The Effect of Leadership and Gender Roles on Alcohol Use in the Greek Community

Amelia Kinsella

Abstract


On college campuses, there is a relationship between membership in the Greek community and alcohol use (Larimer, 1992; Larimer et al. 2000; Capone et al., 2007). For example, Greek students engage in more drinking behaviors in terms of quantity as well as frequency, and also experience more negative consequences as a result of alcohol use (Cashin et al., 1998; Capone, et al., 2007). Additionally, there is a relationship between gender, gender identity, gender roles and alcohol use. Moreover, there are gender differences regarding alcohol use. On average, men drink more in terms of quantity and frequency (Lemle & Mishkind, 1989). Individuals who exhibit more masculine traits engage in more alcohol use and experience more negative consequences as a result of alcohol use (McCreary et al., 1999; Huselid & Cooper, 1992). Furthermore, individuals who exhibit more feminine traits are less likely to engage in alcohol use (Chomak & Collins, 1987; Celentano & McQueen, 1984; Zucker et al., 1981). More recently, researchers have studied different aspects of gender identity to determine different relationships between gender identity and alcohol use. For example, masculine roles are more predictive of alcohol use in men, whereas drinking cognitions are more predictive of alcohol use in women (Ricciardelli et al., 2001). The purpose of this study is to examine leadership and gender roles in the Greek system with respect to their effects on alcohol use. Data will be collected through an online survey distributed to undergraduate students at a mid-sized, Midwestern university. Results will be analyzed and implications will be discussed.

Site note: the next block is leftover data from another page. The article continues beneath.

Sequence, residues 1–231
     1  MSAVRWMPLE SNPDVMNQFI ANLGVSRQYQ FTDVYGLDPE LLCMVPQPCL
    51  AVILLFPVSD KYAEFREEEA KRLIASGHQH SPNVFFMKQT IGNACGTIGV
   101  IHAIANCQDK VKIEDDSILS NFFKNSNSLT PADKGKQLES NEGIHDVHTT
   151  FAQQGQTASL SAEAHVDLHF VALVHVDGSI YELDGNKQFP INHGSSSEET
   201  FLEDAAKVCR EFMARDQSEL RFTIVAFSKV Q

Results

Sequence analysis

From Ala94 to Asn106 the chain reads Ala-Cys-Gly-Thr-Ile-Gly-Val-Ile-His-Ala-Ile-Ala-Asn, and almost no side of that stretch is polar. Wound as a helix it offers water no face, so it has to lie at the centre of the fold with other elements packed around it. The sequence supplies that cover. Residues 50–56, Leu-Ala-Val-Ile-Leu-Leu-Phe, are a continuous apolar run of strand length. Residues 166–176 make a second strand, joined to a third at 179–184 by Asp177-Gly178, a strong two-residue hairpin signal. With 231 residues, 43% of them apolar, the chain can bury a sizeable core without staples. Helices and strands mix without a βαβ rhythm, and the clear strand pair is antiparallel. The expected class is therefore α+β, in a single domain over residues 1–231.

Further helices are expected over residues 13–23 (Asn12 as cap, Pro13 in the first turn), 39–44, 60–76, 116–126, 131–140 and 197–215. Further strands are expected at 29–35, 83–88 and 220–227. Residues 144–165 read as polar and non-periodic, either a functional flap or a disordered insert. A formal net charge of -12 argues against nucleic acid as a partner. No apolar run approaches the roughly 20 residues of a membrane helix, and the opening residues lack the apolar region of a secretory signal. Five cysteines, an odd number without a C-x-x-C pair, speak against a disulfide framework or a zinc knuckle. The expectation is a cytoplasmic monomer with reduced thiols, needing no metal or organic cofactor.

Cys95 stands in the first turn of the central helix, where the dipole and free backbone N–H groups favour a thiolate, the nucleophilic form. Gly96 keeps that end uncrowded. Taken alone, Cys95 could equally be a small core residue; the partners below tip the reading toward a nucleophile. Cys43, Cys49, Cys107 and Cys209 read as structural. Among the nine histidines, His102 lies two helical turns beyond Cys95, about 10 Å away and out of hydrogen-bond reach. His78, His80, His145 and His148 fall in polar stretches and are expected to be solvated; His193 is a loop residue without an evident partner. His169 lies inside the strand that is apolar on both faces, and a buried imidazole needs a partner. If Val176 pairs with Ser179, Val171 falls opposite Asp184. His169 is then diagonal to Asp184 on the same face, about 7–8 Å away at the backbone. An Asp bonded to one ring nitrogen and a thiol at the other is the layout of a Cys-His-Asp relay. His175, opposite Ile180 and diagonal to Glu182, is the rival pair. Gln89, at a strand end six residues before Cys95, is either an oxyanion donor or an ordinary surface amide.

Keywords


Perceived Social Norms; Gender Identity; Greek Community

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